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Introducing Cuboid Syndrome | Find Your Stride | Edinburgh Podiatrist

Introduction

Cuboid syndrome is a relatively common but often overlooked cause of lateral foot pain. It occurs when the cuboid bone, which is located on the outer aspect of the foot, becomes misaligned or subluxated. This can lead to a range of symptoms and can significantly impact an individual’s ability to walk and engage in physical activities. In this blog post, we will explore the symptoms, prevalence, investigations, and treatment options for cuboid syndrome.


The cuboid bone is one of seven bones that make up the tarsus
The cuboid bone is shown here in red

Symptoms

Individuals with cuboid syndrome typically experience pain and discomfort on the outer aspect of the foot, specifically in the area of the cuboid bone. This pain may be exacerbated by weight-bearing activities such as walking or running. In addition to pain, other common symptoms include swelling, tenderness, and a decreased range of motion in the affected foot. Some individuals may also report a feeling of instability or weakness.


Prevalence

While the exact prevalence of cuboid syndrome is not well-documented, it is thought to be relatively common, particularly among athletes and individuals who engage in repetitive, high-impact activities. Runners, dancers, and individuals who participate in sports that involve quick, lateral movements are at an increased risk of developing cuboid syndrome. Additionally, it has been suggested that individuals with pes planus (better known as 'flat feet' or pes cavus (high arches) may also be more susceptible to this condition.


Investigations

Diagnosing cuboid syndrome can be challenging, as the symptoms can mimic those of other foot and ankle injuries. However, a thorough physical examination, as well as imaging studies such as X-rays and MRI scans, can help to confirm the diagnosis. During the physical examination, a healthcare provider may perform specific manipulative tests to assess the alignment and mobility of the cuboid bone. Imaging studies can also help to rule out other potential causes of lateral foot pain, such as stress fractures, osteoarthritis or ligament injuries.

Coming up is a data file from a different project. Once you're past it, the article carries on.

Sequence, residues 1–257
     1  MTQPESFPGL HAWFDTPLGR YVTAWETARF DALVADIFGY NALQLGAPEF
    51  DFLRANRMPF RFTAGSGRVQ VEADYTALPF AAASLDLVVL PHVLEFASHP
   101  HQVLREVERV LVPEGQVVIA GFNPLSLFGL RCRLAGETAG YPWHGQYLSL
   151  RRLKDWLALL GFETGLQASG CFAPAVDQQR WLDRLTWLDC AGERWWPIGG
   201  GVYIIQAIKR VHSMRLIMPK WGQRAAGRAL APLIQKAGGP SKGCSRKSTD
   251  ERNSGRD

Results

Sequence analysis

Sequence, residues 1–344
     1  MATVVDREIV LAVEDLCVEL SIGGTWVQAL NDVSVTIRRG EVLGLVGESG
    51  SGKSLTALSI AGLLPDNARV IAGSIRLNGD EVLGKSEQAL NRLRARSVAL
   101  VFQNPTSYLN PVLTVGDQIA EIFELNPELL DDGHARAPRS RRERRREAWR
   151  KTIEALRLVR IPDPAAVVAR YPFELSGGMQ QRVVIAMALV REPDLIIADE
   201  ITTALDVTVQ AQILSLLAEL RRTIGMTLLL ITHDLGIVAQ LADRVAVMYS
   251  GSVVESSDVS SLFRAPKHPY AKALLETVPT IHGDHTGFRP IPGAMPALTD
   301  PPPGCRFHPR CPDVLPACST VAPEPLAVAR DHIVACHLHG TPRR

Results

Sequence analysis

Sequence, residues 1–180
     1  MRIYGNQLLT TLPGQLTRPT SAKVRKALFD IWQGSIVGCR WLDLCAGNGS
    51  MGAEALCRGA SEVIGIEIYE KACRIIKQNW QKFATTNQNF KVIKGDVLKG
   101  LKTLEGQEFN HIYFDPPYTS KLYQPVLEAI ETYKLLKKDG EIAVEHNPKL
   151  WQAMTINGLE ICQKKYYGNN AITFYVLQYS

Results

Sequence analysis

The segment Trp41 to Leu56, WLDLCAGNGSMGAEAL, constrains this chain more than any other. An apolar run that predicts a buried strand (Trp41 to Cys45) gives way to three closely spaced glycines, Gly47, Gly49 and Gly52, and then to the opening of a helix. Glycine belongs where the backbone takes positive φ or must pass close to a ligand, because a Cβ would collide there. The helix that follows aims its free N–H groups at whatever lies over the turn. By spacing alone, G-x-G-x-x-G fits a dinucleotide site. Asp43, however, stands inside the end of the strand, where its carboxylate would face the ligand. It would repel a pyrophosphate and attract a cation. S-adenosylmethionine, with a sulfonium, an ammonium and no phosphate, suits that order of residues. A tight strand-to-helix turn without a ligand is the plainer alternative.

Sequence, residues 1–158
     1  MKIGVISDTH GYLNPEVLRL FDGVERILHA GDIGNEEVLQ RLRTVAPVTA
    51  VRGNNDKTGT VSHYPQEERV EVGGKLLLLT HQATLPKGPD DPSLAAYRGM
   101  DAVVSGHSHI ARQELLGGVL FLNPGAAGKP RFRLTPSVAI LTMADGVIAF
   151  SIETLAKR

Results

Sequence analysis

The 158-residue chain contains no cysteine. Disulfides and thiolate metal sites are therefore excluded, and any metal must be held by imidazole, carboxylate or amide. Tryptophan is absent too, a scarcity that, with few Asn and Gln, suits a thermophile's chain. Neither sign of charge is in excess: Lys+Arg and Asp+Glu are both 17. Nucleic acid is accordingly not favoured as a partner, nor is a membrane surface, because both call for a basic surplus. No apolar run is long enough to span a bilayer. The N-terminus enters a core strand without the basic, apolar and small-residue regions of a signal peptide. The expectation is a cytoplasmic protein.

Treatment

The treatment of cuboid syndrome typically involves a combination of conservative measures to reduce pain and inflammation, as well as manual manipulation techniques to realign the cuboid bone. Common treatment options may include rest, ice, compression, as well as the use of nonsteroidal anti-inflammatory drugs (NSAIDs) to manage pain and swelling. Physical therapy and specific exercises may be prescribed to improve the strength and stability of the foot and ankle. In some cases, healthcare providers may perform manual manipulations or foot orthoses to reposition the cuboid bone, restore normal function and reduce the chances of recurrence.


Conclusion

In conclusion, cuboid syndrome is a condition that can cause significant pain and discomfort for those affected. It is important for individuals experiencing lateral foot pain to seek medical attention to properly diagnose and treat cuboid syndrome. By understanding the symptoms, prevalence, investigations, and treatment options individuals can better advocate for their own health and well-being. If you suspect that you may have cuboid syndrome, it is important to consult with a healthcare provider who can provide a comprehensive assessment and develop an appropriate treatment plan. With proper care and management, individuals with cuboid syndrome can make a full recovery and return to their normal activities.


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